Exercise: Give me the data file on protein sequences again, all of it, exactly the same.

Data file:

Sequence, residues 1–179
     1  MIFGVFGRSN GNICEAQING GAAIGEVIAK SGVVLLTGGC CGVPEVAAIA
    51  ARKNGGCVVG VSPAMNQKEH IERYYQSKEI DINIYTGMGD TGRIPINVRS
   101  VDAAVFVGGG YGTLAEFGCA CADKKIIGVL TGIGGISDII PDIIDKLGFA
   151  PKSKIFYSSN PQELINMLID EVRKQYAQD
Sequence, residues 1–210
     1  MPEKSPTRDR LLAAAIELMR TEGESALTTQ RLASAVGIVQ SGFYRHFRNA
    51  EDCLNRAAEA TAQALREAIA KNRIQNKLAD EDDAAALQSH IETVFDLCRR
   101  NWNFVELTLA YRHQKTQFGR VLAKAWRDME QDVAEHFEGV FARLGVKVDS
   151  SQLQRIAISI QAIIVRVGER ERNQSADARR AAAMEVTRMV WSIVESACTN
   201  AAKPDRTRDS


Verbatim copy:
Sequence, residues 1–179
     1  MIFGVFGRSN GNICEAQING GAAIGEVIAK SGVVLLTGGC CGVPEVAAIA
    51  ARKNGGCVVG VSPAMNQKEH IERYYQSKEI DINIYTGMGD TGRIPINVRS
   101  VDAAVFVGGG YGTLAEFGCA CADKKIIGVL TGIGGISDII PDIIDKLGFA
   151  PKSKIFYSSN PQELINMLID EVRKQYAQD
Sequence, residues 1–210
     1  MPEKSPTRDR LLAAAIELMR TEGESALTTQ RLASAVGIVQ SGFYRHFRNA
    51  EDCLNRAAEA TAQALREAIA KNRIQNKLAD EDDAAALQSH IETVFDLCRR
   101  NWNFVELTLA YRHQKTQFGR VLAKAWRDME QDVAEHFEGV FARLGVKVDS
   151  SQLQRIAISI QAIIVRVGER ERNQSADARR AAAMEVTRMV WSIVESACTN
   201  AAKPDRTRDS